Saw this on 60 Minutes last night. Goes to my now-abandoned absurd non-starter proposal.



Dr. Benjamin's new book is out. I'm whacked upside the head from the very first page.

I bought Dr. Benjamin's book on Tuesday, finished it yesterday. A lot to ponder. Elegantly written, tightly argued, a pleasure to read. Princeton is lucky to have her. More on it shortly. I'm listening to SCOTUS Orals at the moment, re: the Trump CO primary election ballot removal thing per Amendment 14, Section 3 ("insurrection").

Saturday, February 3, 2024

Monday, January 29, 2024

A breadth of sneering anti-"Woke Cultural Elites" vitriol.

 One Convenient Location.

~ 900 pages [pdf] of what they call their "Opening Salvo."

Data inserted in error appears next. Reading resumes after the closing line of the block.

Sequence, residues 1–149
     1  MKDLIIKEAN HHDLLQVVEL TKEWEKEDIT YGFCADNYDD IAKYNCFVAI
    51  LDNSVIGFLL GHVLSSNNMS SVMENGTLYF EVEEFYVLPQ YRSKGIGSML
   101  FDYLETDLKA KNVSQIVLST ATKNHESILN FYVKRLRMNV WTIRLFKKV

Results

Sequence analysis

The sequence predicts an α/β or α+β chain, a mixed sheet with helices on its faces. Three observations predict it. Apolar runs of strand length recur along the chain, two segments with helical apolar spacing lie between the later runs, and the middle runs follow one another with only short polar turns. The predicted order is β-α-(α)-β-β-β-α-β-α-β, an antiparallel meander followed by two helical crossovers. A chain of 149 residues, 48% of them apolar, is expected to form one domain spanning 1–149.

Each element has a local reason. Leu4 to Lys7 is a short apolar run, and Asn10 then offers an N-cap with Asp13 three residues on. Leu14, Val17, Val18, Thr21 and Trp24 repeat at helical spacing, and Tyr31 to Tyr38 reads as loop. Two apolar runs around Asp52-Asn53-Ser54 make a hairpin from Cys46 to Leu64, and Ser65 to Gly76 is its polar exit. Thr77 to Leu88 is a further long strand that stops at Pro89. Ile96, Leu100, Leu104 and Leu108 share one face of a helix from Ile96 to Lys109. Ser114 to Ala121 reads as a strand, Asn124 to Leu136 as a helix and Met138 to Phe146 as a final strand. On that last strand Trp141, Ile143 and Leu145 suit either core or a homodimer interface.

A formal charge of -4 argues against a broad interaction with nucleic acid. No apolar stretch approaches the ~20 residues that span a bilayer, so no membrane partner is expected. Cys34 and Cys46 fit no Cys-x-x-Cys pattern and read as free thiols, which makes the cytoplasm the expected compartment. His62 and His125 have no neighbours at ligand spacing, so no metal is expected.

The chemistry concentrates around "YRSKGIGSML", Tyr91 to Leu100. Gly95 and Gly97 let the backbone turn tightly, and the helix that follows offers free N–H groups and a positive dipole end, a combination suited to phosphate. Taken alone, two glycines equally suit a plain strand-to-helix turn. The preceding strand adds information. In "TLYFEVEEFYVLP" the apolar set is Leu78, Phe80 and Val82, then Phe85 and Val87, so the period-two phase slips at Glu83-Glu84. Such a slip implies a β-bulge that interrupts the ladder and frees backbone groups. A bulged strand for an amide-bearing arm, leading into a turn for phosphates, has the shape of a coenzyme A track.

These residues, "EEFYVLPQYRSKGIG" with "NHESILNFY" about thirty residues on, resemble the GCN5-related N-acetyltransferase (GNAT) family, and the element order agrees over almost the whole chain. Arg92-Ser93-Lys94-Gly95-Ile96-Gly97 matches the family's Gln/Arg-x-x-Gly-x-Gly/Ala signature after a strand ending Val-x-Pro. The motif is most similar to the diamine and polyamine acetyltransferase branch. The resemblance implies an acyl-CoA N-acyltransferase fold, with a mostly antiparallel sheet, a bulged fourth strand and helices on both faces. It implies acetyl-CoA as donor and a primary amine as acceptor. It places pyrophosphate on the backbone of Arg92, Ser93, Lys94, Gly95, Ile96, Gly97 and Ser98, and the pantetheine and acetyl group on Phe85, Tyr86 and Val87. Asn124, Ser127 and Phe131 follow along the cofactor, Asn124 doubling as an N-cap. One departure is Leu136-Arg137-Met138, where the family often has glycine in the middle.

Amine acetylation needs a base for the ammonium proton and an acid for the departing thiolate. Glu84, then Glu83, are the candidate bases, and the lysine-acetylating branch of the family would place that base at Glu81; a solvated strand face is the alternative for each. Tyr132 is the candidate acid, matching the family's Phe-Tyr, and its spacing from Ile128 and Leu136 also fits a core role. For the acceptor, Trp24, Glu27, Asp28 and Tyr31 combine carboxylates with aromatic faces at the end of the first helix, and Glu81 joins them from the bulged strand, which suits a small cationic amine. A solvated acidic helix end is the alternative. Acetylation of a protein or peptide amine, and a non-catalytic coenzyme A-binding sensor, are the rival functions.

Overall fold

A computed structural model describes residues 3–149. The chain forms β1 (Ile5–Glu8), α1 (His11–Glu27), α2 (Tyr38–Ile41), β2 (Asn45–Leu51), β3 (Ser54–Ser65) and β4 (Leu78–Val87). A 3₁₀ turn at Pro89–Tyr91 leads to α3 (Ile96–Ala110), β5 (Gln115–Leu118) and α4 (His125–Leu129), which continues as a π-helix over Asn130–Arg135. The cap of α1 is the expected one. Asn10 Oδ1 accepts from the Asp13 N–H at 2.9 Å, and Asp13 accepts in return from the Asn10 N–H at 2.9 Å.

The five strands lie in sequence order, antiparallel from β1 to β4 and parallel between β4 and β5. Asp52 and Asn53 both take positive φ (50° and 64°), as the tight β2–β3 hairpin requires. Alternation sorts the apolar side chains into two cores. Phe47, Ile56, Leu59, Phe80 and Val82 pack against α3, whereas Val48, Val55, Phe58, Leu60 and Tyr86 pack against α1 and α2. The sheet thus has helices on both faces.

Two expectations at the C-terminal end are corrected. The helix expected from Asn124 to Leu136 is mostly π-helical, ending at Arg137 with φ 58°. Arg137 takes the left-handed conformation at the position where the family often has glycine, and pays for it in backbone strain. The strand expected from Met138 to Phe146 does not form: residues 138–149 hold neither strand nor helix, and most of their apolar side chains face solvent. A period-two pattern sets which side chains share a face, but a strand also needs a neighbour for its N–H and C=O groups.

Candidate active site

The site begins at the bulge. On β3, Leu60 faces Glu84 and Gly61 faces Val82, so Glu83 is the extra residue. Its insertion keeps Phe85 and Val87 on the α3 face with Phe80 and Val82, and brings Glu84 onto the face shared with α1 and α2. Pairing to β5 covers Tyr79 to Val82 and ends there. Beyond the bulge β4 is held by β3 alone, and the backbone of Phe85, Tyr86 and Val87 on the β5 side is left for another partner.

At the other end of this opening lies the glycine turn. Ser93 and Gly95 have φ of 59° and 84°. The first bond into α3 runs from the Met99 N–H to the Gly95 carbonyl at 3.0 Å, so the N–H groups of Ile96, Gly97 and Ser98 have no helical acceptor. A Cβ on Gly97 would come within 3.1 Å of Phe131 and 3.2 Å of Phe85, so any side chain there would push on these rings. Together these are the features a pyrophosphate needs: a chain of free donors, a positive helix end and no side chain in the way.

Any logical incoherence in the foregoing paragraph jump out at you?
"Americans' First Amendment rights?" As long as you, minmally, abstain from citing
or writing favorably about the words & phrases fundamental to the "Woke" cohort?
Moreover, your use of such terminology (unless evoked disparagingly)
precludes your eligibility for federal employment in 2025 and beyond.

THE CONCEPT OF FREE SPEECH evolved in the West for 2,000 years, beginning with the Athenians (although not without a few setbacks, such as the death of Socrates). But America was the first country in history to enshrine a formal, legal, and enforceable protection for free expression, ensuring that people have the right to speak no matter who’s pissed off or how powerful they are.